Prosentials® is the ultimate probiotic supplement for digestive support. Each capsule gives you 12.5 billion CFUs of the seven most essential microbes your body needs. Best of all, it’s 100% RISK-FREE, backed by our Iron-Clad Money-Back Guarantee of Satisfaction.

Simply try Prosentials® today. And if you’re not absolutely thrilled – for any reason – just return the unused portion of your order within 60 days. You’ll receive a prompt, hassle-free refund of the full purchase price... no questions asked!

You have nothing to lose. And when you act now, you can SAVE up to 39% off the regular price. Plus claim up to 3 FREE Health Guides – a $59.85 value! So why wait?

Try Prosentials Risk Free Today!

Footnotes:
See the Peer-Reviewed Science Behind Prosentials for Yourself—

Almeida CC1, Lorena SL, Pavan CR, Akasaka HM, Mesquita MA. Beneficial effects of long-term consumption of a probiotic combination of Lactobacillus casei Shirota and Bifidobacterium breve Yakult may persist after suspension of therapy in lactose-intolerant patients. Nutr Clin Pract. 2012 Apr;27(2):247-51. doi: 10.1177/0884533612440289. Epub 2012 Mar 8.

Bailey JR, Vince V, Williams NA, Cogan TA.Streptococcus thermophilus NCIMB 41856 ameliorates signs of colitis in an animal model of inflammatory bowel disease. Benef Microbes. 2017 Aug 24;8(4):605-614. doi: 10.3920/BM2016.0110. Epub 2017 Jun 16.

Bernet MF, Brassart D, Neeser JR, et al., Lactobacillus acidophilus LA 1 binds to cultured human intestinal cell lines and inhibits cell attachment and cell invasion by enterovirulent bacteria. Gut 1994;35:483-489.

Billoo A, Memon M, Khaskheli S, et al. Role of a probiotic (Saccharomyces boulardii) in management and prevention of diarrhoea. World Journal of Gastroenterology: WJG. 2006;12(28):4557-4560. doi:10.374

Bull M, Plummer S, Marchesi J, Eshwar M. The life history of Lactobacillus acidophilus as a probiotic: a tale of revisionary taxonomy, misidentification and commercial success. FEMS Microbiology Letters, 349 (2), 1 December 2013, Pages 77–87

Cook DJ et al. 1PROSPECT Investigators and the Canadian Critical Care Trials Group. Probiotics: Prevention of Severe Pneumonia and Endotracheal Colonization Trial-PROSPECT: a pilot trial. Trials. 2016 Aug 2;17:377.

He T, et al. Effects of yogurt and bifidobacteria supplementation on the colonic microbiota in lactose-intolerant subjects. J Appl Microbiol. 2008 Feb;104(2):595-604. Epub 2007 Oct 9.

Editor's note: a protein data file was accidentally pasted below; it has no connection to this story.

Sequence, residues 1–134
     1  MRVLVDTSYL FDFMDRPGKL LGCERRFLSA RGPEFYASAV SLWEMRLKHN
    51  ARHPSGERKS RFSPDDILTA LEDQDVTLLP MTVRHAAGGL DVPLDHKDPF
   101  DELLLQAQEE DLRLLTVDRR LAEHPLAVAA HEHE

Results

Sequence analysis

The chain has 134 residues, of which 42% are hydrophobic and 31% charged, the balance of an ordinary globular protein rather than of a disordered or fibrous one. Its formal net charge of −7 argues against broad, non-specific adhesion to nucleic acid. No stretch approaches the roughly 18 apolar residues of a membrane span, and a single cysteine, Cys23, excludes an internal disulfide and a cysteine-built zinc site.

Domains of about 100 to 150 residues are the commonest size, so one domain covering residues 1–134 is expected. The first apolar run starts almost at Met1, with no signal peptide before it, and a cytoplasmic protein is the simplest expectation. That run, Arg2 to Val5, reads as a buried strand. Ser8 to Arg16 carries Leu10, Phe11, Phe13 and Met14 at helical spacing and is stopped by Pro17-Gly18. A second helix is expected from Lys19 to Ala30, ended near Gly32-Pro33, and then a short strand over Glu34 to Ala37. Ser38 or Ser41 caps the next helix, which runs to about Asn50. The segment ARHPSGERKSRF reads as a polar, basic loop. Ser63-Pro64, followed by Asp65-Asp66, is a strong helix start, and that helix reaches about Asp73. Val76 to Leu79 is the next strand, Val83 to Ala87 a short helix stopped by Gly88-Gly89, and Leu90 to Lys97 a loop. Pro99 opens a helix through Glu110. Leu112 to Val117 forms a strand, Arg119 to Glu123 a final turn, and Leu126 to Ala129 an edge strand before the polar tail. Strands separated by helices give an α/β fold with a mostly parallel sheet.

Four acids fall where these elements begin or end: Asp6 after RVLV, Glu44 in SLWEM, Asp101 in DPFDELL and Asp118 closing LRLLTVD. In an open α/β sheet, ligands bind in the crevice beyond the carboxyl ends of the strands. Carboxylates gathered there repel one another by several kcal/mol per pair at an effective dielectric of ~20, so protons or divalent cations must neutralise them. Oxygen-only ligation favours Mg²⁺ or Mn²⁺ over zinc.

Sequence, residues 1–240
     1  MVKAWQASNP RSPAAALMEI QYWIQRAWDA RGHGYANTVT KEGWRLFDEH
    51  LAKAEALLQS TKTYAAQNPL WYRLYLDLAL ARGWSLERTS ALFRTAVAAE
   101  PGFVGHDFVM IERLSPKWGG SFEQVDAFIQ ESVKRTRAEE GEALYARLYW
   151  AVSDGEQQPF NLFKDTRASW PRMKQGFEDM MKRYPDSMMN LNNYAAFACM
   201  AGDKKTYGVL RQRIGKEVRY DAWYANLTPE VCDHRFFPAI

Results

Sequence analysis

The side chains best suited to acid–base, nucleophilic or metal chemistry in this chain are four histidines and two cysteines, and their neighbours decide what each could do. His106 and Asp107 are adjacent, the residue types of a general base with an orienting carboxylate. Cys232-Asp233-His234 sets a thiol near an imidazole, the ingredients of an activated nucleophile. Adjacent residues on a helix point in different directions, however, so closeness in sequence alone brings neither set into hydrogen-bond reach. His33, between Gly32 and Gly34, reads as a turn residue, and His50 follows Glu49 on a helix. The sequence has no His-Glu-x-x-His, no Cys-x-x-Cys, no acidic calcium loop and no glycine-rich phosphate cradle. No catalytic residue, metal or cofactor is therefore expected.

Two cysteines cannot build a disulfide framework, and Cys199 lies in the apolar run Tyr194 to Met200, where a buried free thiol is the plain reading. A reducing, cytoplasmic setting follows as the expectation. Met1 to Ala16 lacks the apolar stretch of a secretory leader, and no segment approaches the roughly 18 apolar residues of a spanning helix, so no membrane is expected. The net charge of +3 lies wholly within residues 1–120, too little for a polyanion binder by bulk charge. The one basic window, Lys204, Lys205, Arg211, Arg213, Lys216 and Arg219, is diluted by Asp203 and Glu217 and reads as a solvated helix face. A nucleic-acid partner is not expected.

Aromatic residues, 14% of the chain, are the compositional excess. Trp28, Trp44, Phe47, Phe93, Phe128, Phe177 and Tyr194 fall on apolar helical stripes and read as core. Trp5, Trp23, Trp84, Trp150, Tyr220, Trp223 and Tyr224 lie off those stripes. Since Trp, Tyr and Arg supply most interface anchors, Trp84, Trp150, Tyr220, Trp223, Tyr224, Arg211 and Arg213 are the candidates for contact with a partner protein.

Kim, Hyung Soo and Stanley E. Gilliland, Lactobacillus acidophilus as a Dietary Adjunct for Milk to Aid Lactose Digestion in Humans, J. Dairy Science, 1983 May; 66(5): 959-966. PubMed PMID: 6409948.

Martín R, Chamignon C, Mhedbi-Hajri N, et al. The potential probiotic Lactobacillus rhamnosus CNCM I-3690 strain protects the intestinal barrier by stimulating both mucus production and cytoprotective response. Sci Rep. 2019;9(1):5398. Published 2019 Apr 1. doi:10.1038/s41598-019-41738-5

Matthew Bull, Sue Plummer, Julian Marchesi, Eshwar Mahenthiralingam; The life history of Lactobacillus acidophilus as a probiotic: a tale of revisionary taxonomy, misidentification and commercial success, FEMS Microbiology Letters, Volume 349, McFarland, LV (2009). Evidence-based review of probiotics for antibiotic-associated diarrhea and Clostridium difficile infections. Anaerobe. 15 (6): 274–80. doi:10.1016/j.anaerobe.2009.09.002. PMID 19825425.

Mayo Clinic. : https://www.mayoclinic.org/drugs-supplements-acidophilus/art-20361967

McFarland, LV. Evidence-based review of probiotics for antibiotic-associated diarrhea and Clostridium difficile infections. Anaerobe. 15 (6): 274–80. doi:10.1016/j.anaerobe.2009.09.002. PMID 19825425.

McFarland LV1, Goh S2.Are probiotics and prebiotics effective in the prevention of travellers' diarrhea: A systematic review and meta-analysis. Travel Med Infect Dis. 2019 Jan - Feb;27:11-19. doi: 10.1016/j.tmaid.2018.09.007. Epub 2018 Sep 29.

Meurman JH1, Antila H, Korhonen A, Salminen S. Effect of Lactobacillus rhamnosus strain GG (ATCC 53103) on the growth of Streptococcus sobrinus in vitro. Eur J Oral Sci. 1995 Aug;103(4):253-8.

Sapranauskas R, Gasiunas G, Fremaux C, Barrangou R, Horvath P, Siksnys V. The Streptococcus thermophilus CRISPR/Cas system provides immunity in Escherichia coli. Nucleic Acids Res. 2011;39(21):9275–9282. doi:10.1093/nar/gkr606

Schell, M.A. et al. The genome sequence of Bifidobacterium longum reflects its adaptation to the human gastrointestinal tract. Proc Natl Acad Sci USA. Published online October 15, 2002.

Turroni F, Duranti S, Bottacini F, Guglielmetti S, Van Sinderen D, Ventura M. Bifidobacterium bifidum as an example of a specialized human gut commensal. Front Microbiol. 2014;5:437. Published 2014 Aug 21. doi:10.3389/fmicb.2014.00437

 

DISCLAIMER: Talk to your doctor or health care provider to determine if Prosentials™ is right for you and is safe to take with your medications. Do not start or stop any prescribed medication or treatment without first consulting your doctor or health care provider.